Establishing a luxury brand is a complicated business, requiring not only just capital but also know-how. Chinese consumers have been touted as the world’s largest luxury spenders, yet China has few famous luxury brands of its own. In a recent Chinese article which claims that other than Shanghai Tang, China has “no luxury brands”—which isn’t necessarily true if you count companies such as Hong Kong’s Qeelin or Shanghai’s Shang Xia—University of International Business and Economics (对外经济贸易大学) luxury researcher Zhou Yun discusses with finance and investment magazine Capital (投资与合作) what luxury businesses in China can do to compete with top global brands.
What paths has China taken in creating luxury brands?
Chinese culture manifests itself in two ways: one is in food, the other is in clothes. The pioneers of Chinese luxury are the “Time-honored Brands” [an official title given by China’s Ministry of Commerce] of the catering industry, such as Donglaishun and Quanjude. We wanted to make these Time-honored Brands famous, and realized that Chinese cuisine has standing in the international scene—the top three dishes in the world come from us. The strength of Time-honored Bands is that they have long-standing histories, and to be a luxury brand, one needs exactly that. But it is hard to standardize quantity and quality in the food and beverage industry, thus it has limited expansion potential.
Furthermore, it’s hard to translate the quintessence of a Time-honored Brand—for example, how do you translate what’s quintessential about Quanjude? If you’re unable to translate even the name of a brand well into English, becoming a luxury brand will be hard. Furthermore, our culture is not resilient enough, causing us to abandon our own culture in favor of others. Most of our favorite brands are foreign; how will our own brands ever compete?
According to you, it is an uphill task for the catering industry to break into the international scene. What about the fashion industry?
I think that the high-quality, limited-quantity fashion industry is most likely to become luxury. China is the most competitive market for foreign countries. Twenty-five percent of all clothing by foreign brands is made in China. Although China has experienced a recent break in our culture from historical to present times, causing us to have lost a lot of our traditional culture, but in recent years we’ve been picking them back up, especially in high fashion. We have retained the foundations of our traditional clothing, and retrieving any culture lost in that is especially easy.
What is worth nothing is that when we insert Chinese motifs into our fashion, that is something not imitable by foreigners. It’s easy to gain short-term core competitiveness by upping one’s skills, but maintaining that competitive edge is hard.
Things that are easily imitable will be quickly taken by others. If you use foreign brand names to build Chinese products, then it ends up being us copying them. They can “extinguish” us at will, because their culture is evolving, and we must react accordingly, reaffirm what our culture is, and only then will we endure. Fashion is where we are most able to present our traditional culture and confidence. If we’re able to make an exquisite product of it, I’m sure we’ll be able to create an enduring Chinese luxury product.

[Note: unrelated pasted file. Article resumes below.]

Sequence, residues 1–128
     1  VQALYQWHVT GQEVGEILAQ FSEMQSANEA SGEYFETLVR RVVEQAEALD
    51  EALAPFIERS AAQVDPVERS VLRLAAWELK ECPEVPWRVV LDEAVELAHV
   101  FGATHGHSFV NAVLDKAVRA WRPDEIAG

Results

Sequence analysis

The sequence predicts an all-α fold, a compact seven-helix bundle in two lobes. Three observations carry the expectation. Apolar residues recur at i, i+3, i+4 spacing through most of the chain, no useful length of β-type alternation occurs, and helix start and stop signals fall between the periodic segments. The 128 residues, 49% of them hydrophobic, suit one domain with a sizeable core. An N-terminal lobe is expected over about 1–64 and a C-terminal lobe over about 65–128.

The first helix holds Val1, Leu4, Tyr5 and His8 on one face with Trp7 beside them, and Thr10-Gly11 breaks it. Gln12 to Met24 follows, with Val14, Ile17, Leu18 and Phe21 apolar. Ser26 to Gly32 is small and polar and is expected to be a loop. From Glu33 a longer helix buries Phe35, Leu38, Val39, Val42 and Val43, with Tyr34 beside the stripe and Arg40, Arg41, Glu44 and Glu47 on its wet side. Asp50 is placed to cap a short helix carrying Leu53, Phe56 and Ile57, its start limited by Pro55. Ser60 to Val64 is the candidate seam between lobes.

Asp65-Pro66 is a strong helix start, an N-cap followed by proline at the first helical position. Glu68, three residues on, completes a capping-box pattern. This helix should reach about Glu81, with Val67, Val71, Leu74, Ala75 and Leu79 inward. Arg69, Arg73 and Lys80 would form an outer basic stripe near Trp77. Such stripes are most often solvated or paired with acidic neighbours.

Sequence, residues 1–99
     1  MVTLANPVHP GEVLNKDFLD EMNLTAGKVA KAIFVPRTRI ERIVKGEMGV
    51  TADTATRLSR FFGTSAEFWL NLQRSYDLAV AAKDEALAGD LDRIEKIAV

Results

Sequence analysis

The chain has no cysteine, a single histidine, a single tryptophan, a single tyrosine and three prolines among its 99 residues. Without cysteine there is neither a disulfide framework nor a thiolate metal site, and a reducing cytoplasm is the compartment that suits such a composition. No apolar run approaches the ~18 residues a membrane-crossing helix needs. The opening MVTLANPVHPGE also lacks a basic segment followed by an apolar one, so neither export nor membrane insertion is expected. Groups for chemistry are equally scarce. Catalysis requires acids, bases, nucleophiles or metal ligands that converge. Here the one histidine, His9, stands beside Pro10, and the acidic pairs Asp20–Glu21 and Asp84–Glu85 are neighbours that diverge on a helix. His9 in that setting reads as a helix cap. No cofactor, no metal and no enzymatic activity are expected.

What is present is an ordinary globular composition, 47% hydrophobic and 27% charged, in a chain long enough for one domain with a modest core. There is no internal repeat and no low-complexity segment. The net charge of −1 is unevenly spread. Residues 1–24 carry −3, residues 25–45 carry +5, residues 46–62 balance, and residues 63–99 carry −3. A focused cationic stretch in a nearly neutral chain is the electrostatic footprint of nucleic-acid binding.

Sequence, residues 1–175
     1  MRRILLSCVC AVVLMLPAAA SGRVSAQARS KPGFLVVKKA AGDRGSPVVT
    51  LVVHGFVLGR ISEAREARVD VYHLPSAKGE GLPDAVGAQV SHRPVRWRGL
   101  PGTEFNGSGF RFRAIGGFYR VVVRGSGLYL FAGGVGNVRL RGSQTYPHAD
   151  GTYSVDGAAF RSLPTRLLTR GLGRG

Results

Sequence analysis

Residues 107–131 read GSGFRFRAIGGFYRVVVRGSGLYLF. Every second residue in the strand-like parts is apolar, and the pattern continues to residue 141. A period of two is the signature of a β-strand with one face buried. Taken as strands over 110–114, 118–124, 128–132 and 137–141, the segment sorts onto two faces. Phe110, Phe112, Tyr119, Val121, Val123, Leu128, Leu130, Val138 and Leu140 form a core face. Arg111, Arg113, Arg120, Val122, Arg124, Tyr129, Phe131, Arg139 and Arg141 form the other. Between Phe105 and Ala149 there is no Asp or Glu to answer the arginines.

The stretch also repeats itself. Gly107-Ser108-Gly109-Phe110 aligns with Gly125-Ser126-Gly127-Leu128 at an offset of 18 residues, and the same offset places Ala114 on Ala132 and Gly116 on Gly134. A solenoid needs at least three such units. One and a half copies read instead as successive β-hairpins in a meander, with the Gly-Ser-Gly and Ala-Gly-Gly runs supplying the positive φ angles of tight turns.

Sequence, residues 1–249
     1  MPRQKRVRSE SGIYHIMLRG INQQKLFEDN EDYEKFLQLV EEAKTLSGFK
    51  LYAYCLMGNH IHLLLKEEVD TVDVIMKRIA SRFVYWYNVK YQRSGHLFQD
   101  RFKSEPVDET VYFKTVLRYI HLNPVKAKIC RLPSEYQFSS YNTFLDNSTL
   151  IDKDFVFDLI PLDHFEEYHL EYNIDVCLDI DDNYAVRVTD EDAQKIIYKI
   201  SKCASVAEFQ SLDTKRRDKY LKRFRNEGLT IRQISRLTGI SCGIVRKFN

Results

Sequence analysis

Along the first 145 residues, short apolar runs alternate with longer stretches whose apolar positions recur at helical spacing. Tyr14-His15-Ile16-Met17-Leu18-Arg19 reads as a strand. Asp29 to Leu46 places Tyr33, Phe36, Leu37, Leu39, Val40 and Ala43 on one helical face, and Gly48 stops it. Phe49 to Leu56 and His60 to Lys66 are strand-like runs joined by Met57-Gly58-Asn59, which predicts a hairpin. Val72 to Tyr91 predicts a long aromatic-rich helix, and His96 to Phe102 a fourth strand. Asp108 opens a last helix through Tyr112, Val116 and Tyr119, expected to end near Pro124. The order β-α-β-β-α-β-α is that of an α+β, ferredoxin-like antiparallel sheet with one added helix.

What can we do to break into the market?
A good attitude and understanding of what urgently needs to be addressed is important. The role of luxury in our local industries is not great—we do not find the urge to create a few pieces of exquisite, exclusive luxury products that a company’s revenue is heavily dependent on. We need to find out what we want to do with luxury, and not copy what other countries are doing with it, because what works for one place might not work for another. As a result, some Chinese companies aspiring to become luxury might feel like they are contained in a bubble. Foreign luxury brands might be a pressure against us, but that’s what they need to be doing, and success cannot be achieved in a day or two. We should not cave in because of these circumstances, but should remain focused on the goal of becoming luxury.
In addition to having a good attitude, we must not forget the initial motivations behind wanting to be luxury, and these have to go hand-in-hand. Our battle strategy should be a give and take—inviting foreign brands in, while sending our own into the global scene. However, it should not be a “rush out” method, but rather, to have others invite us over. Even if one rushes out with a thick skin and a wad of cash, one isn’t necessarily making it on the international scene. To have truly made it globally, we must first invite other brands in to let them see that we have a lot to offer. They’ll then return to tell others of China’s bounty, whereby they’ll then have the desire to invite our brands over.
What do you think of China’s current environment for building luxury brands?
I have a lot of confidence, but I cannot ignore that we have a lot of shortcomings. One of our biggest limitations is a lack of a long-standing, established brand. For something to become luxury, just a product on an assembly process isn’t enough. It has to be result of one’s craft, to the point where one is almost unwilling to sell it. Just like in gifting, if it doesn’t pain you to give it away, it becomes less valuable in others’ eyes. We can’t just buy the blood and sweat of craftsmen and designers as they produce a unique, quality product. These things have to be groomed, and they take time. We still have a long way to go, and patience is key to achieving our luxury goals.